Matt Duczeminski explains in his book 6 Benefits of Talking to Yourself (No, You’re Not Crazy) that talking through your thoughts helps distinguish big tasks from smaller ones, for example, getting organized by talking through a to-do list.

But not all self-talk is useful. In fact, talking about our failures and putting ourselves down can be quite harmful. As Sapadin puts it, “That kind of self-talk is worse than no talk at all.” And it can lead to a self-fulfilling prophecy, where we view ourselves negatively and act accordingly, attracting others who reinforce those beliefs.

The link between negative self-talk and depression is also quite strong. In fact, those who engage in more negative self-talk experience more stress and inferior health, both psychologically and physically. Language and cognition expert, Steven Hayes, says negative thoughts are like passengers in the backseat of the car you’re driving. You hear them, but your focus should be on the task ahead.

Another way of coping with negative self-talk is by giving your negative voice a name. Brené Brown, author of the New York Times Bestsellers The Gifts of Imperfection and Daring Greatly, calls her inner critic The Gremlin, making light of the little voice inside her head.

So… if you’ll listen to yourself, keep talking. But be kind.

–Marjan Khanjani, Contributing Writer, The Trauma and Mental Health Report.

–Chief Editor: Robert T. MullerThe Trauma and Mental Health Report.

Copyright Robert T. Muller

This article was originally published on Psychology Today

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Video Games Rated A for Addictive

50Addiction, Depression, Diet, Featured news, Mental Health, Neuroscience, Optimism, Psychopharmacology, Self-Control, Sex, Sleep, Stress, Treatment December, 14

Picture if you will, flashing screens, loud noises, focused faces and a crowd gathered to watch high stakes games; games that end only when you run out of money.

This is not a casino. Those faces are staring at flashing computer screens in an arcade and the high stakes match is actually a video game.

Scenes like this make it possible to view video gaming as an addiction. Like a gambler endlessly playing slots, the video gamer can spend hours on the vice of choice.

Those who consider gaming as addictive highlight similarities between models of addiction and the behaviour of those who can’t seem to stop playing video games, despite the consequences 

What does it mean to be addicted to a video game? Addiction used to be a term reserved for drug use defined by physical dependency, uncontrollable craving, and increased consumption due to tolerance. Advances in neuroscience show that these drugs tap into the reward system of the brain resulting in a large release of the neurotransmitter dopamine. This is a system normally activated when basic reinforcers are applied, like food or sex. Drugs just do it better.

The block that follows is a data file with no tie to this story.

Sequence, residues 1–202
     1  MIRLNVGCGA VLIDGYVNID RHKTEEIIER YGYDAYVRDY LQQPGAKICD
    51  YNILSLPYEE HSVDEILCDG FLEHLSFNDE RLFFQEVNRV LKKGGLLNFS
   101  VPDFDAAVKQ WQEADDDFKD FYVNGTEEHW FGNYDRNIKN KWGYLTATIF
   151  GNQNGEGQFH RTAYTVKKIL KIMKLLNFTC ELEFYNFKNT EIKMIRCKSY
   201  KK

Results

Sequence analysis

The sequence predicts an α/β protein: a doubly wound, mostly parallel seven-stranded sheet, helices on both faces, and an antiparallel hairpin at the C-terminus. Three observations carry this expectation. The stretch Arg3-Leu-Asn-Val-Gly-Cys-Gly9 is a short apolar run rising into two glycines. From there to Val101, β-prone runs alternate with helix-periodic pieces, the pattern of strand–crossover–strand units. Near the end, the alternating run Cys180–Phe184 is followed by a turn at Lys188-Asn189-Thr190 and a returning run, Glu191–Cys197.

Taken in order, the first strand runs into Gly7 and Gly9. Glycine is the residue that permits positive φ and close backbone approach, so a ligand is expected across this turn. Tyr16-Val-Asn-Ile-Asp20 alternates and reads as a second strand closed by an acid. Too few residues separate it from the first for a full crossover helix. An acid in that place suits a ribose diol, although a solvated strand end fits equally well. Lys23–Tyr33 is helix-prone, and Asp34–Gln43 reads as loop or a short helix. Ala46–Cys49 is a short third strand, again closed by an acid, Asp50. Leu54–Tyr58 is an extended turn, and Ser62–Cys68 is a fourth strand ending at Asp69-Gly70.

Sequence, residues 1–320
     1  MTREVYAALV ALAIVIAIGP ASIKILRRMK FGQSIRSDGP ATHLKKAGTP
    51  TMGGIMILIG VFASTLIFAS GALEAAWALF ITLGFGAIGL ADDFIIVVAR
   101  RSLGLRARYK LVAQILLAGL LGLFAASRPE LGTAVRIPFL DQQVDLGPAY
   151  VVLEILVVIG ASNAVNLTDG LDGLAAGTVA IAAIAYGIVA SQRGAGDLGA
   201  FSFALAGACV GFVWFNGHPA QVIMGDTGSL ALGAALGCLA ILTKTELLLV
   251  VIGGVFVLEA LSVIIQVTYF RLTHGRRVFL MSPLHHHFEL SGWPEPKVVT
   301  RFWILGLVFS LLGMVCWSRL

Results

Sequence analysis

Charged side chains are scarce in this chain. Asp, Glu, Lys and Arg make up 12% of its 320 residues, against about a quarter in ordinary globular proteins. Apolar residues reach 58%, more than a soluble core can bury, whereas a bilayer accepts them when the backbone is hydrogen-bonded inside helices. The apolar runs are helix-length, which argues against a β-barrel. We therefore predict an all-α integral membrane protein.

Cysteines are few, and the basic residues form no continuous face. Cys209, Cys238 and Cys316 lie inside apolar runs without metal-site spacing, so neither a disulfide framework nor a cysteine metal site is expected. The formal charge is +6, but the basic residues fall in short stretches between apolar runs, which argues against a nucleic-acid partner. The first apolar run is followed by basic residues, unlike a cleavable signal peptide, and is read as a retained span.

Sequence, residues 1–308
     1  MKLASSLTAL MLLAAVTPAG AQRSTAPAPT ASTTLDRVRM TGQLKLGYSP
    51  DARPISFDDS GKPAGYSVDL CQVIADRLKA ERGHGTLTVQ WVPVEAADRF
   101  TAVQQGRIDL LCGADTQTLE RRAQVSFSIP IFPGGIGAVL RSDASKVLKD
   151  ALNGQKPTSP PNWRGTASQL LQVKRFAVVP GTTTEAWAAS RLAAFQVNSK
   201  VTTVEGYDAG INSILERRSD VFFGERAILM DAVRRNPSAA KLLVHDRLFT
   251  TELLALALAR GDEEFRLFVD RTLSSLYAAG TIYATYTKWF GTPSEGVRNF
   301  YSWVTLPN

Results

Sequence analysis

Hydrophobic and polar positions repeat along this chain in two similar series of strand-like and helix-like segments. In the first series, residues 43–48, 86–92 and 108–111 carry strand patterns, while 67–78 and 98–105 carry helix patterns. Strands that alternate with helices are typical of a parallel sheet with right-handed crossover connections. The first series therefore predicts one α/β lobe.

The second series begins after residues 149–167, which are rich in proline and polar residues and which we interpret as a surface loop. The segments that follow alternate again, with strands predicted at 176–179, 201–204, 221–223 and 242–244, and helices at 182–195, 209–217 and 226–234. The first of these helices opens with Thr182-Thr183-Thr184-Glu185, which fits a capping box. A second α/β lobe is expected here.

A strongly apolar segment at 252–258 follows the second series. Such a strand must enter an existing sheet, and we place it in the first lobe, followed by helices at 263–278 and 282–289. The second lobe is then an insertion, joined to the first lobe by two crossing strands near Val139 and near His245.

Gaetano Di Chiara and Assunta Imperato, researchers at the Institute of Experimental Pharmacology and Toxicology at the University of Cagliani, Italy, found that drugs can cause a release of up to ten times the amount of dopamine normally found in the brain’s reward system. This has led to a shift in how addictions are viewed. Any physical substance or behaviour that can “hijack” this dopamine reward system may be viewed as addictive.

When can you be sure that the system has been hijacked? Steve Grant, chief clinical neuroscientist at the National Institute of Drug Abuse, says it happens when there “is continued engagement in self-destructive behaviour despite adverse consequences.”

Video games seem to hijack this reward system very efficiently. Certainly Nick Yee, author of the Daedelus Project, thinks so. He explains, “[Video Games] employ well-known behavioral conditioning principles from psychology that reinforce repetitive actions through an elaborate system of scheduled rewards. In effect, the game rewards players to perform increasingly tedious tasks and seduces the player to ‘play’ industriously.” Researchers in the UK found biological evidence that playing video games and achieving these rewards results in the release of dopamine.

This same release of the neurotransmitter occurs during activities considered healthy, such as exercise or work. Since dopamine release is not bad per se, it is not necessarily a problem that video games do the same thing.